As we pause today to remember the tragic events of Sept. 11, 2001, we reflect first on the heart-wrenching loss of the nearly 3,000 lives taken in the terrible and world-altering hours of that fateful morning.
For those of us old enough to remember that terrifying day 21 years ago, the images, and the emotions they stir, will be with us forever. Chilling images of terror and of gut-wrenching sorrow, alongside inspiring images of courage, bravery and heroic selflessness.
Our nation and our world changed forever that day.
In many ways, we continue to struggle, individually and collectively, to make sense of the unimaginable. To reconcile our grief and move forward in ways that will help our society learn to work together toward a deeper understanding of those human bonds that must unite us, and toward a more peaceful future for every nation.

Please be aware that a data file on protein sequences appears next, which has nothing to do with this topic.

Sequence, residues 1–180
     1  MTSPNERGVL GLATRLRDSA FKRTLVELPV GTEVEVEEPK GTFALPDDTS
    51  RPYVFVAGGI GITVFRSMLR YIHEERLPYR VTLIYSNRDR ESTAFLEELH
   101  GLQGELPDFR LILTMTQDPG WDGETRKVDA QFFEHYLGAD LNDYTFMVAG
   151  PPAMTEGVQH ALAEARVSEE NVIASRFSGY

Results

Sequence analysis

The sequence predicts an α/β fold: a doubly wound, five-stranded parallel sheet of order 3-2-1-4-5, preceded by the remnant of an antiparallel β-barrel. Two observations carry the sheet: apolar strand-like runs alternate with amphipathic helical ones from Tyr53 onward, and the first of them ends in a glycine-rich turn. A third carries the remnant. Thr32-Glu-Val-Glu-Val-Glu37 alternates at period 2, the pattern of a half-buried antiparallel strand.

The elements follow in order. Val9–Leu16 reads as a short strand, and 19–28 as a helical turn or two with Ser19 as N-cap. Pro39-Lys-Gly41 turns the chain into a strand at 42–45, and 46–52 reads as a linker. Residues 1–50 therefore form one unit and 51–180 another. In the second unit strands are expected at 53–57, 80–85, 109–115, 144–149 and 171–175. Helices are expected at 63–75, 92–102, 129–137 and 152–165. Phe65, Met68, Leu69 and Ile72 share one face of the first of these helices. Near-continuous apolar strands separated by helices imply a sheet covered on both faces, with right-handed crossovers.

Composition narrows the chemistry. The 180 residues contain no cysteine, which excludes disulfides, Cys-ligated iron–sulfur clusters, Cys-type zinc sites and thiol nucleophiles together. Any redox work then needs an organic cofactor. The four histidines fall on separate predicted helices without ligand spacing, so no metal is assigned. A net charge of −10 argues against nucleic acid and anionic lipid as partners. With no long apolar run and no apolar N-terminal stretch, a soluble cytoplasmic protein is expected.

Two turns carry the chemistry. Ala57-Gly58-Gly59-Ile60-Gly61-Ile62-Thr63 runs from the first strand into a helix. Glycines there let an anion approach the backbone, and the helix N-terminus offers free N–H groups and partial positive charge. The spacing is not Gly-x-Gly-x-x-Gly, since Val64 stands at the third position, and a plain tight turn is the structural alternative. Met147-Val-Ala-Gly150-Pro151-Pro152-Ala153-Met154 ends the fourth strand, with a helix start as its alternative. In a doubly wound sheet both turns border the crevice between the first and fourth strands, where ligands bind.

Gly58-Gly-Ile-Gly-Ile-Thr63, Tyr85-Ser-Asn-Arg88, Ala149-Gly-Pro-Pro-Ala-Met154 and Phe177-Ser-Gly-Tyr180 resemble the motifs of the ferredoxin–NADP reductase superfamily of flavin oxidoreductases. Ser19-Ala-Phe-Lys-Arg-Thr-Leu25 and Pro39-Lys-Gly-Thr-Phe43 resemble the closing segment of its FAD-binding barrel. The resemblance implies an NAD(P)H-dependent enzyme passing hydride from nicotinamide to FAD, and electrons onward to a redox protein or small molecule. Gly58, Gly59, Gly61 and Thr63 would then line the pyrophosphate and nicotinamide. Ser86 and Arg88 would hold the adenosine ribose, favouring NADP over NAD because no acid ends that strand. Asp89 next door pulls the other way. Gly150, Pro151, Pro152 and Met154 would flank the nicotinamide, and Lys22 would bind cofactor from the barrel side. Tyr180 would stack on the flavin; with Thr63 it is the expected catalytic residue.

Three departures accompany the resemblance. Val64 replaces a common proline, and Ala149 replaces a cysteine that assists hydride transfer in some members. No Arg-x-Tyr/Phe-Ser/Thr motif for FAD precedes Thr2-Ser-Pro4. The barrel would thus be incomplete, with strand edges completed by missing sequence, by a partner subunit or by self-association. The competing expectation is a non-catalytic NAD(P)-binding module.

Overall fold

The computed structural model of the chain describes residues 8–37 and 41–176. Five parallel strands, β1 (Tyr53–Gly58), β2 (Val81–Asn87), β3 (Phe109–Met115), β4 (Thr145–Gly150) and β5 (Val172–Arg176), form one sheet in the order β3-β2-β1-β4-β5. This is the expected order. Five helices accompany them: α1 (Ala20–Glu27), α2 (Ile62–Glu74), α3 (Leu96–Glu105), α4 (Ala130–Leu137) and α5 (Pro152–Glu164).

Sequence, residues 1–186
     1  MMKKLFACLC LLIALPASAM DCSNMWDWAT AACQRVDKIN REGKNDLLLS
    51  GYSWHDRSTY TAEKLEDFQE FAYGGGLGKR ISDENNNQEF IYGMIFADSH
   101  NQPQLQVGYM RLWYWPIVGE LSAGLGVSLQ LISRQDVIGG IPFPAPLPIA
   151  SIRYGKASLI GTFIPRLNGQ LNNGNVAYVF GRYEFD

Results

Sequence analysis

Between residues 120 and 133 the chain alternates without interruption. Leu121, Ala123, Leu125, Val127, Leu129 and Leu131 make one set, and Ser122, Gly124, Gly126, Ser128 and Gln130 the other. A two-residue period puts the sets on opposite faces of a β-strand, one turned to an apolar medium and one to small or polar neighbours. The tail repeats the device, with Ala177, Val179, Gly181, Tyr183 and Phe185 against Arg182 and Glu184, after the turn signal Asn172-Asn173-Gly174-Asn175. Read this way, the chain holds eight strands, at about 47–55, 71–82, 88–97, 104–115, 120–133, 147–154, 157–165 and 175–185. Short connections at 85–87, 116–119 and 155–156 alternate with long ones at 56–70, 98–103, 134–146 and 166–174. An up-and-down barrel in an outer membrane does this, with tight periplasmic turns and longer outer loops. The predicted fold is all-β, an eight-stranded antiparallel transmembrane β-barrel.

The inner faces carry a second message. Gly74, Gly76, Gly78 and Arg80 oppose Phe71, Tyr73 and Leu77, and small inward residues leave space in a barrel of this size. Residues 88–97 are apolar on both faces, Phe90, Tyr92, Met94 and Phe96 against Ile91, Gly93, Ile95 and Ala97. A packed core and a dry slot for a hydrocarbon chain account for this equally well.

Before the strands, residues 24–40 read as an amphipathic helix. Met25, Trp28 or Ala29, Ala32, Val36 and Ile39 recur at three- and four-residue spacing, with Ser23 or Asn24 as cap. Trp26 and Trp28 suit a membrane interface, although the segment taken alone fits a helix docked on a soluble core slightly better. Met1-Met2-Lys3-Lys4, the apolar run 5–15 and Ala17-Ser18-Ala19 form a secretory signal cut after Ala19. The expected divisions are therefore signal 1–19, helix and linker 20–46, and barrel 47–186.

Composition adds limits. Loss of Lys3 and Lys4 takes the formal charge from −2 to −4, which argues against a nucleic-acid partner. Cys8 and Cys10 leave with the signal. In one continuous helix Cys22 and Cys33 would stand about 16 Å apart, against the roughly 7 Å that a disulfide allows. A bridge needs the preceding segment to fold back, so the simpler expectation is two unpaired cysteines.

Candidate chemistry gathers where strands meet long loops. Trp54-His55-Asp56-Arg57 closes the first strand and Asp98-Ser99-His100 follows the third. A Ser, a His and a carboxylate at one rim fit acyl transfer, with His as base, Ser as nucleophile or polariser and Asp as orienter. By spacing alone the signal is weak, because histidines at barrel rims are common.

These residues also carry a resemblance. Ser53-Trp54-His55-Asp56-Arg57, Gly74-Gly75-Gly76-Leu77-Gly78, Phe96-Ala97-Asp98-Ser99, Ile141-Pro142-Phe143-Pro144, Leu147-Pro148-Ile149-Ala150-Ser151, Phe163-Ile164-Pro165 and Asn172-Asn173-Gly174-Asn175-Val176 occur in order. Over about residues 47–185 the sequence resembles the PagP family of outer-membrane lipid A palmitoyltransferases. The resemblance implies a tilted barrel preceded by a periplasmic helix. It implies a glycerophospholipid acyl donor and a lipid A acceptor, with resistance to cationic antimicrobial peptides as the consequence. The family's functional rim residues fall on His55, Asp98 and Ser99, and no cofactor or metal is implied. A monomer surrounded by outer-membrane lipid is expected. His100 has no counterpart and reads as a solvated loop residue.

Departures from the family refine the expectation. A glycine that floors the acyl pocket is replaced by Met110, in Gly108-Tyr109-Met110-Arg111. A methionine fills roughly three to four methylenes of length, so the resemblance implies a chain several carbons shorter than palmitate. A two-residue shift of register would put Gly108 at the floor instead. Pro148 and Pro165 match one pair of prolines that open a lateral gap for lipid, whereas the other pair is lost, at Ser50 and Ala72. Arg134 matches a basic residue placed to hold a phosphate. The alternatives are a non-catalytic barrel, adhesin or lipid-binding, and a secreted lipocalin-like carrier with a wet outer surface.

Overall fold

We are reminded once again today in our solemn remembrance of the words of Sandy Dahl, whose husband, Jason Dahl, was the pilot of the Flight 93 plane that crashed in a field near Shanksville, Pa., during the terrorist attacks of Sept. 11, 2001.
“If we learn nothing else from this tragedy, we learn that life is short and there is no time for hate,” Sandy Dahl said.
Remembering is a critical part of healing, and healing a step toward overcoming hate.
So, we must continue to remember the tragic events of Sept. 11, 2001, to honor the lives of those who died and ensure they are never forgotten, and to allow our collective healing to cultivate a more peaceful world for our children to inherit.
Yours in education,
Kaweeda G. Adams